For the past several years of my woodworking hobby, I've been using shiplap joinery off and on. I like the look of it. I like how it can provide strength without edge-gluing. What I don't like about it - how complicated it can be to calculate any single variable. Well - how hard it used to be. I spent a solid afternoon working through the math and came up with a simple equation.

let w be the total width of panel
let m be the number of boards in the panel
let n be the width of a single board in the panel
let r be the width of the rabbet on each board

$${ w = m(n-r) + r }$$

Let's work an example (this happens to be for a project I'm doing right now). I need to create a back panel that is 31.5" wide out of 6 or 7 boards (the narrowest is 4.75"). I'd like to use a rabbet of 3/8". -

$${31.5 = 7(n - .375)+.375 }$$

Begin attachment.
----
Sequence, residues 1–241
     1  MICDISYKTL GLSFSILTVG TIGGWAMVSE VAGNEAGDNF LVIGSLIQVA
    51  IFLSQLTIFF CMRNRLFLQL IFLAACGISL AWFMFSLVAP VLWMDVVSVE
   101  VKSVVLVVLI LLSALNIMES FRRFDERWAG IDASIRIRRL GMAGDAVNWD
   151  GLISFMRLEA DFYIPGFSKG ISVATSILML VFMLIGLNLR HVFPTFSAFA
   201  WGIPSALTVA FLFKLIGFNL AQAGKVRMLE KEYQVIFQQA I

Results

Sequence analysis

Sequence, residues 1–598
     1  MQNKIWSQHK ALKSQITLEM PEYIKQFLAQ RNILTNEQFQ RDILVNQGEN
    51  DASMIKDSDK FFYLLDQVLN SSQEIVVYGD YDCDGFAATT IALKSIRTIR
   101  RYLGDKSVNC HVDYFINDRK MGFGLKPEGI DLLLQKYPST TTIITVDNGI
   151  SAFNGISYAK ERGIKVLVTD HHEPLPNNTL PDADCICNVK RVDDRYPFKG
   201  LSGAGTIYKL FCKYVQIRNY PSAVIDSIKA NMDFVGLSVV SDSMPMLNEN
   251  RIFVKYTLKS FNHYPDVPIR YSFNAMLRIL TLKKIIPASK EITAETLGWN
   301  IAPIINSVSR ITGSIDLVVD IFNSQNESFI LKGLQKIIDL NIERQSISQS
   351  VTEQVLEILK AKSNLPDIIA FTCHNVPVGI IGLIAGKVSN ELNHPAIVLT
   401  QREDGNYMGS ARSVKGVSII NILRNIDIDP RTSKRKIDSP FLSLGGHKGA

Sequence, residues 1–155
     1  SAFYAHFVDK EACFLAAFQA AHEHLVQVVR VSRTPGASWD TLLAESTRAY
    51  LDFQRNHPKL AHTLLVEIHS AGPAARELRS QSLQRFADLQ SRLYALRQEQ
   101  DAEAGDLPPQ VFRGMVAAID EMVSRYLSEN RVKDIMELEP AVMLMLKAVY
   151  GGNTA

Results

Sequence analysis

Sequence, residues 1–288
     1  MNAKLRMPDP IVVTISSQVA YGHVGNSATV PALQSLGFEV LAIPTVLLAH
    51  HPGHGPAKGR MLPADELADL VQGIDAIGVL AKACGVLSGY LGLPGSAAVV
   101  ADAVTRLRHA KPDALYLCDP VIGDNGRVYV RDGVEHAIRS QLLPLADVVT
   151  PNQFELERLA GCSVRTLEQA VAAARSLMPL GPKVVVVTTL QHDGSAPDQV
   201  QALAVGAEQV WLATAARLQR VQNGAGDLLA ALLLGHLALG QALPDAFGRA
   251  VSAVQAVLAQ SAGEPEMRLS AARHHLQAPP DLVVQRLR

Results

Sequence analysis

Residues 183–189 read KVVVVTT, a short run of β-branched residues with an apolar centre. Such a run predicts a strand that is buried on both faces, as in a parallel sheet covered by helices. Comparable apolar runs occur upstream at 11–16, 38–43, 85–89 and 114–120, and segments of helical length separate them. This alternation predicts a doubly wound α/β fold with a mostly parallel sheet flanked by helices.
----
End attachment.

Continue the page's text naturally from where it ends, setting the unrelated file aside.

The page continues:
$${31.5 - .375 + 2.625 = 7n }$$
$${31.5 + 2.25 = 7n }$$
$${33.75 = 7n }$$
$${n \approx 4.82 }$$

Looks like my narrowest board won't be wide enough - now I can play with the other information to see if I can get this to work without wasting material.

One limitation of this method is that it expects that all boards are the same dimension. If shiplapping a number of different width boards, it is still possible to figure out what the size of a rabbet needs to be, and it can be done by expanding the following equation out.

$${ w = \sum_{i}^m (n_i - r) + r }$$